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Convergecast Tree Construction in Wireless Sensor Networks
Lenka Carr-Motyčkova and David Dryml

Data gathering is important research topic in the area of wireless sensor networks. The basic operation is collecting data from sensor nodes and their transfer to sink for further processing. Sensors are often powered by batteries with limited amount of energy. Therefore wireless sensor networks are able to work only for a limited amount of time. Network lifetime is defined as a time until the first sensor node depletes its energy. Main challenge in data gathering algorithms is to extend a network lifetime.

In this paper we study a scenario where the sink needs to collect data that is sensed in a distant disc target area (surroundings of a specified geographical position) of a network. The sink is located away from the target area. Main aim is to construct convergecast tree that connects sink with target area and allows data collection from it. Particularly we are interested in maximizing network lifetime through careful construction of this tree.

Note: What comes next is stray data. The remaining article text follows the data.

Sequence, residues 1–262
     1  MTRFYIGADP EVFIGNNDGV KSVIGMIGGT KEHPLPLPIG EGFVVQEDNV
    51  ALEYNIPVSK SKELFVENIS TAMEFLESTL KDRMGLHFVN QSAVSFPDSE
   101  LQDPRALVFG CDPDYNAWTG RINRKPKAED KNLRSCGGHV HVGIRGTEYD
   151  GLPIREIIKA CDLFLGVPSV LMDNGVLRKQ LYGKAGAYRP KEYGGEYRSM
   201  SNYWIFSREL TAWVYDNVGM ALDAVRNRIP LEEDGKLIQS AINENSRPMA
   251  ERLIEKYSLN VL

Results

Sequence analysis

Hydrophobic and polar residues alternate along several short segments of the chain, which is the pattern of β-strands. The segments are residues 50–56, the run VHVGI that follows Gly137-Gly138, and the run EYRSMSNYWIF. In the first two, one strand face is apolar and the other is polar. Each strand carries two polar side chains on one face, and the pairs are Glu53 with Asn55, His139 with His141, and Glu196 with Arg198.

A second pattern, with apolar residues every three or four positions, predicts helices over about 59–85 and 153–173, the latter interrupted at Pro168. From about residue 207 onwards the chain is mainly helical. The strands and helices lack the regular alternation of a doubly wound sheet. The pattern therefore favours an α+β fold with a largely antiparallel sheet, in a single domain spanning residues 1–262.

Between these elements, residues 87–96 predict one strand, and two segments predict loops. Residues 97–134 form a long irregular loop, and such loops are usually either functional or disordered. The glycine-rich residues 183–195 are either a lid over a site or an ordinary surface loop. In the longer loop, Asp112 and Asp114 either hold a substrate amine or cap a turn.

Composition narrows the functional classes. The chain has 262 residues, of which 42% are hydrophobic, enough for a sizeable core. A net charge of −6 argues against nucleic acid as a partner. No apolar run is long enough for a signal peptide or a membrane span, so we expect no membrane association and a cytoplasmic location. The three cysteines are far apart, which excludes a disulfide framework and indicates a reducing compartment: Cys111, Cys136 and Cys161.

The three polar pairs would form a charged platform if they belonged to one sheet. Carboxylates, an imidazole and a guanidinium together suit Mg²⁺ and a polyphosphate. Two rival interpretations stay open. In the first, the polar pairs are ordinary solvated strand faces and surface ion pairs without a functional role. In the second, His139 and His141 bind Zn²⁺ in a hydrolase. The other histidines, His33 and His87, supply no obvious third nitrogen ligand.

Nodes are selected to be tree nodes only if their residual energy after the previous round of data gathering is sufficient to perform the next data transfer. More precisely the selected neighbors are expected to have the maximal energy among considered neighbors. A new convergecast tree is built, when the current one is not able to continue a data transfer. This procedure of building convergecast tree is repeated until the first node in the transfer area runs out of battery power. According to simulations our approach doubles the lifetime of network compared to a tree constructed randomly and moreover it is able to use more than twice the amount of energy in nodes. Latter on we discuss the possibility of comparison with other state-of-the-art algorithms.

Keywords: Data gathering, wireless sensor networks, maximum lifetime, convergecast tree, energy consumption

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